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Author Topic: Default Input Pins to HIGH  (Read 1053 times)
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As it was discussed here: http://www.arduino.cc/cgi-bin/yabb2/YaBB.pl?num=1243213127 floating input pins are a bad idea. However most users seem to be unaware of this fact. I would like to suggest that by default input pins should be pulled to high. Of course this has some implication for applications that rely on not being pulled up, so this is incompatible. On the other side the floating pins are a pain for all novice and unaware users. In my opinion the floating pins cause more harm than one would expect so this should be fixed.

Cheers, Udo
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Not sure I agree with your assessment. Floating inputs are only a problem if you are using them. If unused in the program, they cause no harm, but possibly raise current consumption by some micro-watts, maybe.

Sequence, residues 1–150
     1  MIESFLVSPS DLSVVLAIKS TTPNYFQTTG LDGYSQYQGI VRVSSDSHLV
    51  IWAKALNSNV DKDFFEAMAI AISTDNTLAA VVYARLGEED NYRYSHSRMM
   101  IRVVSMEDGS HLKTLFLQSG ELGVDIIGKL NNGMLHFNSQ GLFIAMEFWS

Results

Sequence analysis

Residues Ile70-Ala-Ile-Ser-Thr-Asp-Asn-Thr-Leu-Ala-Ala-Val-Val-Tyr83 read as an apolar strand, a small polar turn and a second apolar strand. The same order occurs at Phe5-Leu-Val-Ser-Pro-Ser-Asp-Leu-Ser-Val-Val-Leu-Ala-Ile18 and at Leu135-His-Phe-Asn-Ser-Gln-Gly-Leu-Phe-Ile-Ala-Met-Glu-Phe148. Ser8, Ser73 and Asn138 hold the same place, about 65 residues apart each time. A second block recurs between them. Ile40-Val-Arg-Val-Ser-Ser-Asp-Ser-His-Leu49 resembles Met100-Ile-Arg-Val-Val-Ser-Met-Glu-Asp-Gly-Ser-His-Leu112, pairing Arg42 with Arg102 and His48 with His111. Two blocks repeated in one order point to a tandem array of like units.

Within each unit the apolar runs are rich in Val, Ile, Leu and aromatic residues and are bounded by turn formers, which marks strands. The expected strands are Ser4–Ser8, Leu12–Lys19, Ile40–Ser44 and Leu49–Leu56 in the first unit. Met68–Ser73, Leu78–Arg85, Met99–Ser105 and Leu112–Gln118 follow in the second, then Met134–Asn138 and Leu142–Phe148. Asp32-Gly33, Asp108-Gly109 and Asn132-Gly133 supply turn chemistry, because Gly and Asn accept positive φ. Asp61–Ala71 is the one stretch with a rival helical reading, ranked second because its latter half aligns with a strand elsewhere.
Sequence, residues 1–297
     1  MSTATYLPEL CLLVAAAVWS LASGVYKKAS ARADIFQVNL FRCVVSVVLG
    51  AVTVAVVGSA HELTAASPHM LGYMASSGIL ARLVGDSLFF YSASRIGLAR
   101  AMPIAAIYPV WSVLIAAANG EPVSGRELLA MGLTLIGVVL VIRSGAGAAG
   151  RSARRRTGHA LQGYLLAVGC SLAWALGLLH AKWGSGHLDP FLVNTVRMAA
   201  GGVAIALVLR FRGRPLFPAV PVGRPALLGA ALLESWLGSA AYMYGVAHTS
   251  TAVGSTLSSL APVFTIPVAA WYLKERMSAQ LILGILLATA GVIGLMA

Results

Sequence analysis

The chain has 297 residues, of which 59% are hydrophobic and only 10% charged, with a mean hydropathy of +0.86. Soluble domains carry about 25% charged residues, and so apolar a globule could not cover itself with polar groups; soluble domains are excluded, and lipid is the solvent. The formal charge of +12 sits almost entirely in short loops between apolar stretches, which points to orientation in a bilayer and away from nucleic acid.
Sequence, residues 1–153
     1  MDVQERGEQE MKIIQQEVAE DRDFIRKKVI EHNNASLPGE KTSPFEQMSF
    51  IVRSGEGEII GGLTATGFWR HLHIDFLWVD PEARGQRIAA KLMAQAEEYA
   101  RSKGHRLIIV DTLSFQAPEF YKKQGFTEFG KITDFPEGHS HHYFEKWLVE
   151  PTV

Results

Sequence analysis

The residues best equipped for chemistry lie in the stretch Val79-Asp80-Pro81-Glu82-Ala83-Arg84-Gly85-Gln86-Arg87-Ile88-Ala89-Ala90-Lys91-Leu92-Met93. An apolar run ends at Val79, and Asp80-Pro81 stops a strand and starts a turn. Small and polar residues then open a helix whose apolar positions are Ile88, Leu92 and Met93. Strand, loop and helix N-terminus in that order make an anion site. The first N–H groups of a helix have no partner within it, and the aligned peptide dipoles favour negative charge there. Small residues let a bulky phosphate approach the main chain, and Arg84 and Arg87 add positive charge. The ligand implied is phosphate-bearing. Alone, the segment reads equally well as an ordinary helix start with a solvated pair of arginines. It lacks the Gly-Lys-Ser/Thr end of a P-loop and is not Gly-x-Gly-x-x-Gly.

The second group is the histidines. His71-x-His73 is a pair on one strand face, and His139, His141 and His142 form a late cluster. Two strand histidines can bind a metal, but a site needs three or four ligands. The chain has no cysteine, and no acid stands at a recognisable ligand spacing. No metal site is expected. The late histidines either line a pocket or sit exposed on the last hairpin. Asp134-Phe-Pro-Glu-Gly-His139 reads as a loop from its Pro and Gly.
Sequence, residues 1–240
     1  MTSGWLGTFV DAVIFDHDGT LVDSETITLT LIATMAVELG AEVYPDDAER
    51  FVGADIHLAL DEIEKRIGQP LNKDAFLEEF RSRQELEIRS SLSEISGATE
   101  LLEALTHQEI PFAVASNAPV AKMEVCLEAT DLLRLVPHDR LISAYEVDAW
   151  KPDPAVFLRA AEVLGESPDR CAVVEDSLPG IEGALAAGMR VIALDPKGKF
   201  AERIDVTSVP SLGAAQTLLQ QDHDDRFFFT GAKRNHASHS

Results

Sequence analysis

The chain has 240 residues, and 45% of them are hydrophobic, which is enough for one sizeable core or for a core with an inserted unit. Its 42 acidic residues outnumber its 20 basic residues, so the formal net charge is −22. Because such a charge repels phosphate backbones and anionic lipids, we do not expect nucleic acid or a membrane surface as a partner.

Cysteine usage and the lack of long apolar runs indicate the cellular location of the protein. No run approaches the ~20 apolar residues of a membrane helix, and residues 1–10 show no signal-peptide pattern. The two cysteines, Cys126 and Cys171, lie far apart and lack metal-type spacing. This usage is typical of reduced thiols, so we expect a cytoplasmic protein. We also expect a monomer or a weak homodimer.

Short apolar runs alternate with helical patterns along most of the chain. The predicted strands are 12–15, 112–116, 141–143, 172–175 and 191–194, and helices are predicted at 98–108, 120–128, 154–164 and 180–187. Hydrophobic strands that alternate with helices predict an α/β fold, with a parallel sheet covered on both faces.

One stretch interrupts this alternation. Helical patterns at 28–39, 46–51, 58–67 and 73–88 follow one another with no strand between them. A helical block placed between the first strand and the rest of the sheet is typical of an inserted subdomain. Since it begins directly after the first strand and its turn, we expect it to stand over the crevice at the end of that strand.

Lefty
« Last Edit: August 24, 2009, 01:24:52 am by retrolefty » Logged

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i don't know about that, udo.  i'm trying firmata for the first time and floating pins seem to be wreaking havoc.  the example i'm using is watching the state of all of the pins all of the time, and they're constantly changing whenever i touch the board.

rob
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FWIW, Atmel recommends:

Quote
Unconnected pins
If some pins are unused, it is recommended to ensure that these pins have a defined level. Even